The second hole par 3 allowed me to play a club off the tee that left me with the yardage to play my favorite approach iron to the green. I had to allow for some roll towards the ocean when my approach shot landed. The greens were tricky because the uphill putts are slower than they appeared and always died towards the ocean.

Torrey Pines has long been recognized as one of the nation's foremost municipal golf facilities. Because it's a public course you can walk and carry your clubs, take a golf cart or pull cart. Because it's bounded by mountains to the north and the Pacific Ocean to the west, the seaside courses are often swept by fog, rain and chilling winds. Thank goodness I only had to deal with the U.S. Open roughs. The weather was almost as perfect as my approach shot on the 10th hole.

Jetsetters Magazine Golf MallThe #10 is a short par 4 373/356/344/291 handicap 12/16. The key to this hole is the position off the tee. There is a fairway bunker on the right side of the fairway. I wanted to be on that side of the fairway to have a good angle of attack to the green. I missed the green short about 60 yards and again I was in the rough. I prayed to the golf god's and lined up my shot with the pin. But something very strange had occurred.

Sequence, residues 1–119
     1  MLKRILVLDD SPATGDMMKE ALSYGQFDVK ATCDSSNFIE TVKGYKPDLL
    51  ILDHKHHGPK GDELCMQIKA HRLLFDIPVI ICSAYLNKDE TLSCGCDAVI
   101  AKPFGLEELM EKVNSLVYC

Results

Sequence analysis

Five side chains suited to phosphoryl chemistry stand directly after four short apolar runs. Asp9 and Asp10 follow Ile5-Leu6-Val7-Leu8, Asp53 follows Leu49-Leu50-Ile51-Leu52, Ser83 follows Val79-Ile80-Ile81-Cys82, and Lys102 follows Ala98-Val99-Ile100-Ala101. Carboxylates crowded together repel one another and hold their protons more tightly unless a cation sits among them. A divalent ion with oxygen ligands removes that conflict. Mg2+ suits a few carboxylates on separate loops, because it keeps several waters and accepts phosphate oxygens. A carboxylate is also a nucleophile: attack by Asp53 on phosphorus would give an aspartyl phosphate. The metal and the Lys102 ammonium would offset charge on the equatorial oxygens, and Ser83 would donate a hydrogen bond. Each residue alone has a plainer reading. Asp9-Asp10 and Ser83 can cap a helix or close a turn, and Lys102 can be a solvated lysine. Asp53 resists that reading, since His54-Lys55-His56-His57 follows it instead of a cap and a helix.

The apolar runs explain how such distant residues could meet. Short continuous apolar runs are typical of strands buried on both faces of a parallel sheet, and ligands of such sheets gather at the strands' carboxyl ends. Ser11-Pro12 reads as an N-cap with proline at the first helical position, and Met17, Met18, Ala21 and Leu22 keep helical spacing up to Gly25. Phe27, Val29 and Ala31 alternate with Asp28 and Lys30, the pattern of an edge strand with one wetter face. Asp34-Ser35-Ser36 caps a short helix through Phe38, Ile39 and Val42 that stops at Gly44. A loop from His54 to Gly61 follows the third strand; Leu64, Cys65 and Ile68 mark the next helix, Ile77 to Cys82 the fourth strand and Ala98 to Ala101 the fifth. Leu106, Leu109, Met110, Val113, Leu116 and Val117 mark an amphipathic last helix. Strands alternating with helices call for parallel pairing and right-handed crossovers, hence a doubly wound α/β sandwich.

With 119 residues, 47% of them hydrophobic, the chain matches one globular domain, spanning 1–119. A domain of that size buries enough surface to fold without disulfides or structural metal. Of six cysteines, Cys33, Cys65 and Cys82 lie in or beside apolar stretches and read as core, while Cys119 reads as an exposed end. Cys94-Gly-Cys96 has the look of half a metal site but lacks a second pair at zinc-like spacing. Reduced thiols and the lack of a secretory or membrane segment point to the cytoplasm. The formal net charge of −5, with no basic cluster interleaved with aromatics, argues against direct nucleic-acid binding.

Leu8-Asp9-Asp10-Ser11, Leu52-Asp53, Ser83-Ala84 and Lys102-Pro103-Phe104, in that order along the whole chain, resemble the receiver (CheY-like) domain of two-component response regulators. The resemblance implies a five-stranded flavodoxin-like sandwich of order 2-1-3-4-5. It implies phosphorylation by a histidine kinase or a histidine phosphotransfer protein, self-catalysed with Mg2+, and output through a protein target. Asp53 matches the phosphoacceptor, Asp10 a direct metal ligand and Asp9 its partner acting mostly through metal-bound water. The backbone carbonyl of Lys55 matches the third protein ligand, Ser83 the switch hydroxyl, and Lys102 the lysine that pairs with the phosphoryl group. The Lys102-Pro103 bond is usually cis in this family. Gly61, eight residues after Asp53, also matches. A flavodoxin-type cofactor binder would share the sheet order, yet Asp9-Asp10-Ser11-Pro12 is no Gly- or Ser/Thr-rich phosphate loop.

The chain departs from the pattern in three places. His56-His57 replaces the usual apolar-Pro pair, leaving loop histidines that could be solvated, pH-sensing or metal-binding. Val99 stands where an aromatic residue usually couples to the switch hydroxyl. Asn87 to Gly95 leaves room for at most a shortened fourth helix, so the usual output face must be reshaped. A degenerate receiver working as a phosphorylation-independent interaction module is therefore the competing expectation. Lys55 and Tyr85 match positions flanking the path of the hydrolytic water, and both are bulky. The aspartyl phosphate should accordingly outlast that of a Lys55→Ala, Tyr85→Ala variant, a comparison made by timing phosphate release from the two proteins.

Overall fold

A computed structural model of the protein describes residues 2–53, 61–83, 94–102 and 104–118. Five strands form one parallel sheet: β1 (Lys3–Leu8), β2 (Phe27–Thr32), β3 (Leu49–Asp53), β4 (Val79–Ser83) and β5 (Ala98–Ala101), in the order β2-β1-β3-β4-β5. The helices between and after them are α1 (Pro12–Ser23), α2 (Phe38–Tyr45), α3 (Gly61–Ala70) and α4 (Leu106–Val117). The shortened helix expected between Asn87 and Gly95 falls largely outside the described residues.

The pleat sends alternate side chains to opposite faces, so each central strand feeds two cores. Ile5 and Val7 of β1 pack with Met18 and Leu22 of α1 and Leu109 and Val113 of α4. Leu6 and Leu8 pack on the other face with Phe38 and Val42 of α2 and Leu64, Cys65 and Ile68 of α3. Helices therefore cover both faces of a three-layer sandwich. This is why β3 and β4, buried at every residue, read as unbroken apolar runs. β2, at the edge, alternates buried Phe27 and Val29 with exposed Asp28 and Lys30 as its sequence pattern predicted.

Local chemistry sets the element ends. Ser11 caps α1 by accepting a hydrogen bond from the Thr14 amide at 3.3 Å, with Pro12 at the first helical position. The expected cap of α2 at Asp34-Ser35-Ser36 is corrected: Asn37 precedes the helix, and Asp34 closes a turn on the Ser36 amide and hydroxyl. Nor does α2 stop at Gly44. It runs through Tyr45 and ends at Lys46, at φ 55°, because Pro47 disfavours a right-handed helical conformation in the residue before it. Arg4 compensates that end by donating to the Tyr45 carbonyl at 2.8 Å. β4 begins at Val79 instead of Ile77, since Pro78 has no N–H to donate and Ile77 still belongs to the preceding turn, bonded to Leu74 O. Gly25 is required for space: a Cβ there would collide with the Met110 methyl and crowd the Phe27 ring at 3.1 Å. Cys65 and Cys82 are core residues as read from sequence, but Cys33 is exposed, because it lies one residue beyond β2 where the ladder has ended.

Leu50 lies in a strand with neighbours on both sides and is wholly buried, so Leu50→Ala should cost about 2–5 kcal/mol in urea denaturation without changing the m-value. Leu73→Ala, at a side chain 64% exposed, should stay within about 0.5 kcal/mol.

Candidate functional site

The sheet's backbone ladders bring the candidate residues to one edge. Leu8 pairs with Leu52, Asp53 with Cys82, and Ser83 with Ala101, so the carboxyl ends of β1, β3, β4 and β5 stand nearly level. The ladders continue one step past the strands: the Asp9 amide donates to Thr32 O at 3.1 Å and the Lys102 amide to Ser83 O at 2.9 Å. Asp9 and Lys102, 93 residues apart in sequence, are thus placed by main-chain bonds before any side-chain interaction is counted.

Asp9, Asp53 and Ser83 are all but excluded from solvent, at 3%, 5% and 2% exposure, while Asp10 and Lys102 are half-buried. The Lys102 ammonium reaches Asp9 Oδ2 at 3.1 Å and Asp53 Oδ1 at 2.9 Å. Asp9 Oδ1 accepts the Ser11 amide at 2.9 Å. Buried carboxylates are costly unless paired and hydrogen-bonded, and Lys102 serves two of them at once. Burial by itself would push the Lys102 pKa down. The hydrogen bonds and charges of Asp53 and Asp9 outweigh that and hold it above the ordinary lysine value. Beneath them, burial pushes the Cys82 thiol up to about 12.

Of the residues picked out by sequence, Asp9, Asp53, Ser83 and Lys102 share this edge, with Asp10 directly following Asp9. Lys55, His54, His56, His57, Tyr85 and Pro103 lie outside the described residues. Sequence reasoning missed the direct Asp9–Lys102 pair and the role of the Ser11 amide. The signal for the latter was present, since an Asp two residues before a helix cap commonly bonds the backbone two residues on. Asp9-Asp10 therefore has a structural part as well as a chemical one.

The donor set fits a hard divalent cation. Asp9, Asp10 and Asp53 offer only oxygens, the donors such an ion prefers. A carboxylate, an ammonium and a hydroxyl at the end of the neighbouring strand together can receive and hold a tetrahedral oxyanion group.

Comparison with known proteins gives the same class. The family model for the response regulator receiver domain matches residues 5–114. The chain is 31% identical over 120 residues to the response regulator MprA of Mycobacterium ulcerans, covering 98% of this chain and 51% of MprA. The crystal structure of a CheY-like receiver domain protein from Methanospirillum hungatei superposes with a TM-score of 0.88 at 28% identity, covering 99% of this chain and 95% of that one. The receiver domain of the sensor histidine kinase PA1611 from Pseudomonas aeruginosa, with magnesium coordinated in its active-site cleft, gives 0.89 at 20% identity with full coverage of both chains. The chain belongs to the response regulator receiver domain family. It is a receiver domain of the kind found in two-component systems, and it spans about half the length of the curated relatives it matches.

The blue flag had fallen from the top of the pin and was lying straight up on the green surrounding the cup. It looked a little strange, especially since everything about Torrey Pines was picture perfect. But since I was in the rough, I knew I didn't have a prayer to reach the hole anyway. So I scrunched my eyes and lined up my ball with the upside down flag pin. I took a full hefty swing with my pitching wedge. I watched the ball fly high out of the rough and head towards the pin. Flying through the air the ball hit the pin and dropped on the green. I was sure it was going to roll off the green, but to my amazement the fallen blue flag acted like a catcher's mitt, caught my golf ball and magically it clunked in the cup for a perfect birdie. Sometimes extraordinary things do happen to ordinary people and it is thrilling!